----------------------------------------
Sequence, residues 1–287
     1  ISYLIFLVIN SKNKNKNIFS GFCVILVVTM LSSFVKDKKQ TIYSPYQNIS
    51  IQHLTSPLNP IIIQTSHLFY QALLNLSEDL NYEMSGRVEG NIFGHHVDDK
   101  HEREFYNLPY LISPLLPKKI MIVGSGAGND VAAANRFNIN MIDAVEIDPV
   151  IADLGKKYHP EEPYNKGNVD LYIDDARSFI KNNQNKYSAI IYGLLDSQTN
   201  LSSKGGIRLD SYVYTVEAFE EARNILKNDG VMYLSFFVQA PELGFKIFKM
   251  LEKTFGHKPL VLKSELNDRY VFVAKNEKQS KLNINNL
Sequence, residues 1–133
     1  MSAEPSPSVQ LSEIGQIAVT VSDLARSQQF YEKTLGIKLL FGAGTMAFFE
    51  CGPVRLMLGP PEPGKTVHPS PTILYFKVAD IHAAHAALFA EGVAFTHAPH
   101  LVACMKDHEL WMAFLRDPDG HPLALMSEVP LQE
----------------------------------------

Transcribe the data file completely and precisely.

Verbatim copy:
Sequence, residues 1–287
     1  ISYLIFLVIN SKNKNKNIFS GFCVILVVTM LSSFVKDKKQ TIYSPYQNIS
    51  IQHLTSPLNP IIIQTSHLFY QALLNLSEDL NYEMSGRVEG NIFGHHVDDK
   101  HEREFYNLPY LISPLLPKKI MIVGSGAGND VAAANRFNIN MIDAVEIDPV
   151  IADLGKKYHP EEPYNKGNVD LYIDDARSFI KNNQNKYSAI IYGLLDSQTN
   201  LSSKGGIRLD SYVYTVEAFE EARNILKNDG VMYLSFFVQA PELGFKIFKM
   251  LEKTFGHKPL VLKSELNDRY VFVAKNEKQS KLNINNL
Sequence, residues 1–133
     1  MSAEPSPSVQ LSEIGQIAVT VSDLARSQQF YEKTLGIKLL FGAGTMAFFE
    51  CGPVRLMLGP PEPGKTVHPS PTILYFKVAD IHAAHAALFA EGVAFTHAPH
   101  LVACMKDHEL WMAFLRDPDG HPLALMSEVP LQE